If you’re planning your honeymoon, how about romantic newlywed trip in The Canary Islands? Richard Webber discovers the year-round warmth and white-sand beaches of Fuerteventura.
Honeymoons in Fuerteventura: What to do and Where to Stay
I’d never understood anyone who travelled abroad and spent most of their time chilling out at the hotel rather than exploring – that is, until we booked an ocean-view room at the five-star Gran Hotel Atlantis Bahía Real on the sunny island of Fuerteventura.
Edging the soft sands of Corralejo Natural Park in the north of the island, this 242-room hotel is an oasis of tranquillity, offering guests a luxurious sanctuary while breathing in the fresh sea air and indulging in some much-needed downtime.
From our balcony, I gazed out across the ocean towards the islet of Los Lobos and Lanzarote while the Atlantic rollers crashed onto the powder-white beach below.
Colonial influences have inspired the hotel’s styling where each of its spacious rooms either enjoy a staggering sea view or look out over the gardens. With a choice of fine dining in six restaurants, lush gardens and some of the friendliest staff we’ve ever encountered, it would have been so easy to simply unwind and watch the world go by at the hotel.
Ultimately, though, our lust for exploration got the better of us, so we decided to get out and see the second largest island in the Canaries.
With over 90 miles of white, sandy beaches, it’s easy to see why the island attracts nearly three million tourists a year. A windier isle than most in the archipelago, it’s a paradise for watersport lovers, especially windsurfers.
Overall, Fuerteventura’s climate is among the most agreeable of all the Canary Islands with very little rainfall – partly due to Lanzarote, 10 miles to the north, sheltering it from the rain – and high winter temperature averages.
Meanwhile, sun-worshippers delight in more than 3,000 sunshine hours a year. Unlike Tenerife and Gran Canaria, Fuerteventura possesses a dry, arid volcanic landscape devoid of much vegetation. But don’t let that put you off – it has a charm all of its own and certainly boasts the best beaches.
The local bus service between resorts is infrequent, so honeymooners in the know hire a car. Thankfully, the leisurely pace of life is reflected in the driving, so you’ll feel comfortable meandering through miles of rugged, volcanic landscape.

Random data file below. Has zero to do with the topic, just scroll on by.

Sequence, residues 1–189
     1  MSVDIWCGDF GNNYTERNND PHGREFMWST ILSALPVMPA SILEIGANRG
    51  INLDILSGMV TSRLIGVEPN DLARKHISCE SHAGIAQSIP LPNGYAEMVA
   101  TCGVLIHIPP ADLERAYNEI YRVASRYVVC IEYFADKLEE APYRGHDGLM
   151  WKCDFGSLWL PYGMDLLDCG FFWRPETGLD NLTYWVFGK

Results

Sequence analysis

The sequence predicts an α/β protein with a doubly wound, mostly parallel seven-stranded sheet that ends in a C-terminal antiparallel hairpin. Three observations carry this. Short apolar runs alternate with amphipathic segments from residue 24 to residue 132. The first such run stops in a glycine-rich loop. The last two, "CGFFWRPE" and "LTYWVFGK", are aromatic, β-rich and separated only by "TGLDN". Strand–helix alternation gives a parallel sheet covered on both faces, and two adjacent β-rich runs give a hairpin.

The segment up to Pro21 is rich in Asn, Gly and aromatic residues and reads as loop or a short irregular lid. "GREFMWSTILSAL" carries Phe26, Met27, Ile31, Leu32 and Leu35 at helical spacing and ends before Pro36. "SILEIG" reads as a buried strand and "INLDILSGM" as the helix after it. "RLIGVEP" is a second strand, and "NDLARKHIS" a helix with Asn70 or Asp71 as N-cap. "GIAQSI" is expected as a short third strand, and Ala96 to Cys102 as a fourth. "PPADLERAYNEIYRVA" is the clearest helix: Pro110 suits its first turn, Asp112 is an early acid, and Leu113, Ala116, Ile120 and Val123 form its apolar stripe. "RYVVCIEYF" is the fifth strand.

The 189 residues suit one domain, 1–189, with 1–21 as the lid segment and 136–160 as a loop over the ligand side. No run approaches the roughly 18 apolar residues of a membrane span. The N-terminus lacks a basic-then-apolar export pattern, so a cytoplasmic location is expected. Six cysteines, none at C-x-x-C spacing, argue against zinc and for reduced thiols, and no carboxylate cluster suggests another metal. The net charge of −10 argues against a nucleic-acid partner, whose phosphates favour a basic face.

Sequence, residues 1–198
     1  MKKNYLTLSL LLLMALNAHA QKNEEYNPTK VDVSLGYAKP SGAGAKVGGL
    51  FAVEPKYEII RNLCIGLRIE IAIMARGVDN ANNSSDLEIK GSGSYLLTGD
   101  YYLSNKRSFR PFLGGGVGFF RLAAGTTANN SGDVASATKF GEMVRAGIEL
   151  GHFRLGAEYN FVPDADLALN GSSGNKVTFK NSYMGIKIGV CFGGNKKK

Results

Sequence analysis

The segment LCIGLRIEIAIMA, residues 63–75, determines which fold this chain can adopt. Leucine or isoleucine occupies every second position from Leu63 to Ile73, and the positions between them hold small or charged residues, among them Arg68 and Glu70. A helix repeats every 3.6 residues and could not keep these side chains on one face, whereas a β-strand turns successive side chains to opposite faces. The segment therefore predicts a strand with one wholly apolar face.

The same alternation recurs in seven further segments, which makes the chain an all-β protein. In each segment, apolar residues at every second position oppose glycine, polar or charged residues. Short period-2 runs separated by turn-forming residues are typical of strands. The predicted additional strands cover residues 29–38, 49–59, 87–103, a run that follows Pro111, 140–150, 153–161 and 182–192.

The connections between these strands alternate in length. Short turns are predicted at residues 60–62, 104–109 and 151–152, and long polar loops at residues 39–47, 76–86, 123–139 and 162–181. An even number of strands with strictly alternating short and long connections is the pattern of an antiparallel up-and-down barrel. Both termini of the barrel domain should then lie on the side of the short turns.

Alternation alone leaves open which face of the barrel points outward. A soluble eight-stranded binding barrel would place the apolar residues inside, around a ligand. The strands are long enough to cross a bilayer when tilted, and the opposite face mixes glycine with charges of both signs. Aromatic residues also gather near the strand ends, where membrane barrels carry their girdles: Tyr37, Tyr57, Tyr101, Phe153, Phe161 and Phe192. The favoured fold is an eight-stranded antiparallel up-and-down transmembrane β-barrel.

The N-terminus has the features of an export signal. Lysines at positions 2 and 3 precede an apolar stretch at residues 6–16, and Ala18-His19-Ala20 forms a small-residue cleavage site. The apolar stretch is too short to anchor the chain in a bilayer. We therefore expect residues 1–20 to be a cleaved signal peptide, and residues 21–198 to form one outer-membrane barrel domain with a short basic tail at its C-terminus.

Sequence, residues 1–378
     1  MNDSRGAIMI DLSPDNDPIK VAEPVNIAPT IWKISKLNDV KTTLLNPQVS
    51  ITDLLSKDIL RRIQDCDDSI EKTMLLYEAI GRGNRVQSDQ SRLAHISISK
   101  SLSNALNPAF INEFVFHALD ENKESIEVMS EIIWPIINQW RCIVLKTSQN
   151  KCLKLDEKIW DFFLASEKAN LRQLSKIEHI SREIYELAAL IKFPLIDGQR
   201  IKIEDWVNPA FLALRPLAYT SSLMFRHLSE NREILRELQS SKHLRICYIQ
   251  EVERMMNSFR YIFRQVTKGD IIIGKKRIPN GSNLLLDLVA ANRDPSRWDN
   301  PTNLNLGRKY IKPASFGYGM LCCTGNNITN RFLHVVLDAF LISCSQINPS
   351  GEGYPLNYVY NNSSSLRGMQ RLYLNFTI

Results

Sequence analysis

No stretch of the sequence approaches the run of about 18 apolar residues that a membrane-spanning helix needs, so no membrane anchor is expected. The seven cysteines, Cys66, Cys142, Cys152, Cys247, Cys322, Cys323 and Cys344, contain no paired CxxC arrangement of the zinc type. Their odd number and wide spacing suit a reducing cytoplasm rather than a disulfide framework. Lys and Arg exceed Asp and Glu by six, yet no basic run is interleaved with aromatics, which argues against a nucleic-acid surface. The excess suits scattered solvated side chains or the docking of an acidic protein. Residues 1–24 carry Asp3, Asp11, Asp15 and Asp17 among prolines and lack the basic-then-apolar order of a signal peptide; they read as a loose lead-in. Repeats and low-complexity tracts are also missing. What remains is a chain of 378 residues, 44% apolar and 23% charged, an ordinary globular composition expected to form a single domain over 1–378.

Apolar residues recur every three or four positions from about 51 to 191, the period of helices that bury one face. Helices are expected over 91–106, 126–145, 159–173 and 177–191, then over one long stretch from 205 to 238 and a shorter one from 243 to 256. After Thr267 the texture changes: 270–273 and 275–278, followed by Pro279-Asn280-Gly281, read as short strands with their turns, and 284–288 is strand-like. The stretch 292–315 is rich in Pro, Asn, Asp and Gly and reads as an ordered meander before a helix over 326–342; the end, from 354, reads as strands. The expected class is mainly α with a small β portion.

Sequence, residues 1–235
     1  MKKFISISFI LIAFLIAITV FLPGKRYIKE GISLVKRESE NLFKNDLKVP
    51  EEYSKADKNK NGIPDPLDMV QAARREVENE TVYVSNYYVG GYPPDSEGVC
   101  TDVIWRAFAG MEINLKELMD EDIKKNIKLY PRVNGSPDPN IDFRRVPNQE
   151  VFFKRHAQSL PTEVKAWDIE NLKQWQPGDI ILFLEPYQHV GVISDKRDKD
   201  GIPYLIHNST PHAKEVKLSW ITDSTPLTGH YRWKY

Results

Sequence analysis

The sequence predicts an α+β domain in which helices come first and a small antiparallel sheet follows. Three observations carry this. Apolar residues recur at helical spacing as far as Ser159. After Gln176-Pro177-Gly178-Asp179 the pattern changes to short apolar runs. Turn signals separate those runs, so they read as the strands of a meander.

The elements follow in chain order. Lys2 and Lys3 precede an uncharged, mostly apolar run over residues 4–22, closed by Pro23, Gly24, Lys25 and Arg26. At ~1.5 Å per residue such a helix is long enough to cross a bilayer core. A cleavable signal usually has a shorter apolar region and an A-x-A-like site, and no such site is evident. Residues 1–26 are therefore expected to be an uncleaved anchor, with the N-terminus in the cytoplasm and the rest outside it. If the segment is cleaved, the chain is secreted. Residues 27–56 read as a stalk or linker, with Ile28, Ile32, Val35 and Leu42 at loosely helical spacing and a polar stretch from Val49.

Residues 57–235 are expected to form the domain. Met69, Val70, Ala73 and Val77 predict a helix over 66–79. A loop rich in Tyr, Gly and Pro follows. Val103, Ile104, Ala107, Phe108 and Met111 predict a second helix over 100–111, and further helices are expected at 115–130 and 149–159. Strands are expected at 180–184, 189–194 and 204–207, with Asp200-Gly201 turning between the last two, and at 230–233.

On our first morning, after breakfast, we were keen to explore the Natural Park, a dazzling area of white sand stretching six miles along the coast and up to two miles inland. The island is often referred to as a ‘little bit of the Sahara’ and it’s easy to see why when you trudge through wave after wave of steep-sided dunes.
We discovered beaches of all shapes and sizes around the island. Among our favourites was Playa del Matorral in the town of Morro Jable. Here, we strolled along palm-fringed avenues before sinking our toes into the town’s extensive warm golden sands. Another favourite was Playa de Sotavento, a five-mile stretch in the south-east which, strictly speaking, is a series of beaches strung together.
Rather than returning to the hotel via the coast road, we often headed through the spine of the island. One afternoon, we stopped in the mountains at Betancuria, reputedly the oldest village in the Canaries and Fuerteventura’s former capital.
While the church was rebuilt in the 17th century, many houses retain facades dating from the 1500s. We wandered the cobbled streets lined with bougainvillea-draped, white-washed buildings gleaming in the sun. Although a magnet for tourists, the area does offer an intriguing and authentic glimpse into the island’s past.
If you want to understand more about how the islanders lived, head for Ecomuseo de la Alcogida, a cleverly designed, open-air museum where working artisans, inside five painstakingly restored farmhouses, show what life used to be like.
On another day, we drove through the near-deserted Jandía National Park, a volcanic massif where, at its northernmost point, mountains descend sharply towards the sea, while to the south, there are huge cliffs. Even in these arid conditions, plants survive, including the endemic Cardón de Jandía, which is found only in two valleys on the peninsula.
No trip to Fuerteventura is complete without boarding one of the boats ferrying tourists across the water to Los Lobos. This tiny isle can be walked around within two hours and is named after the colony of monk seals that once called it home.
After spending hours exploring, we relished returning each day to enjoy the hotel’s Bahía Vital Spa. Framed with panoramic views of the beachfront, it offers a calming aura in which to switch off.
Sadly, our break in the Fuerteventura sun came to an end all too soon, but at least we headed home feeling fully restored.
Prestige Holidays offers seven nights in a deluxe double room at the Gran Hotel Atlantis Bahía Real on a bed-and-breakfast basis, including return flights from Bristol and private transfers, from £897 per person.
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